To avoid all that hassle, have a blood thinner on hand. I always have a prescription of Eliquis handy. As soon as I go into a-fib or atrial flutter, I pop 5mg of Eliquis and then I stay on it until a week or more after my cardioversion. By doing this, it doesn’t matter if I have my cardioversion on day three or day five. I’ll be good to go to have a cardioversion anytime because I’ll have a blood thinner in my system.
3. No Eating or Drinking 6 Hours Before Your Cardioversion
They don’t want any food or liquid in your system when you have a cardioversion so the first thing they’ll ask you when you arrive is when you last ate or drank anything. If you tell them you just finished a pizza and a can of pop, you’ll be waiting for a while before they can give you a cardioversion.
I had my last cardioversion at around 9am so I stopped eating and drinking after midnight to make sure there would be no delays.
4. Shave Your Chest
If you’re a guy with a hairy chest like I have, they will have to shave your left chest so the pad will stick to your skin. It’s kind of awkward having a total stranger shave your chest. It’s especially awkward if another man is shaving your chest like I had…lol. You also have other stickers put on your chest. When they yank those off you get a free “wax job.”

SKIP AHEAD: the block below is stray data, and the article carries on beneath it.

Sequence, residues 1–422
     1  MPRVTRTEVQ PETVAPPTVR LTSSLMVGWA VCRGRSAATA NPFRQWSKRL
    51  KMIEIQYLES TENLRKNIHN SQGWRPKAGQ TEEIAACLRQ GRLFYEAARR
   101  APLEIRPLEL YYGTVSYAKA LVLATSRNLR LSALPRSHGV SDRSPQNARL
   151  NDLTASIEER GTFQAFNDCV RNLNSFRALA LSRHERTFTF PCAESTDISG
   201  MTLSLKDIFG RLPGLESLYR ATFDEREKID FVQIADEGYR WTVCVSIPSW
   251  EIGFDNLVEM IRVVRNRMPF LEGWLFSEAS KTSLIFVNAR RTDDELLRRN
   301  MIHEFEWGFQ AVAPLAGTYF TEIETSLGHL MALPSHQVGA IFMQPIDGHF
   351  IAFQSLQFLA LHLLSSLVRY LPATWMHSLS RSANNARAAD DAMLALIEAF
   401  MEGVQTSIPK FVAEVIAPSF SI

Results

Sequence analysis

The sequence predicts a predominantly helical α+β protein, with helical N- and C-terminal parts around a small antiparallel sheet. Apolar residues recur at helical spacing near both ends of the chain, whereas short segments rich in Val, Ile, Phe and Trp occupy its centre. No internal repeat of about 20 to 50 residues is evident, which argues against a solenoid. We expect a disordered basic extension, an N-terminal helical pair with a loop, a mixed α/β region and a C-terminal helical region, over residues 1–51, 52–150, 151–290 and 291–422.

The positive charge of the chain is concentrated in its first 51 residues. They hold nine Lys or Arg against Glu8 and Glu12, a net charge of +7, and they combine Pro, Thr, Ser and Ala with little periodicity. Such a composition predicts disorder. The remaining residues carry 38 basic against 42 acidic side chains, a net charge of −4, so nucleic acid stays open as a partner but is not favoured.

To avoid all this, shave your chest in the comfort of your own home before heading to the hospital for your cardioversion! Here is a picture of my half shaven chest:
5. Be Clean and Wear Clean Clothes
When you arrive to have your cardioversion, you’ll have to remove your shoes and shirt. They usually allow you to keep your pants and socks on. You’re also going to have an audience of about six people before and during the cardioversion. It’s a pretty humbling experience to be half naked in front of six or more strangers.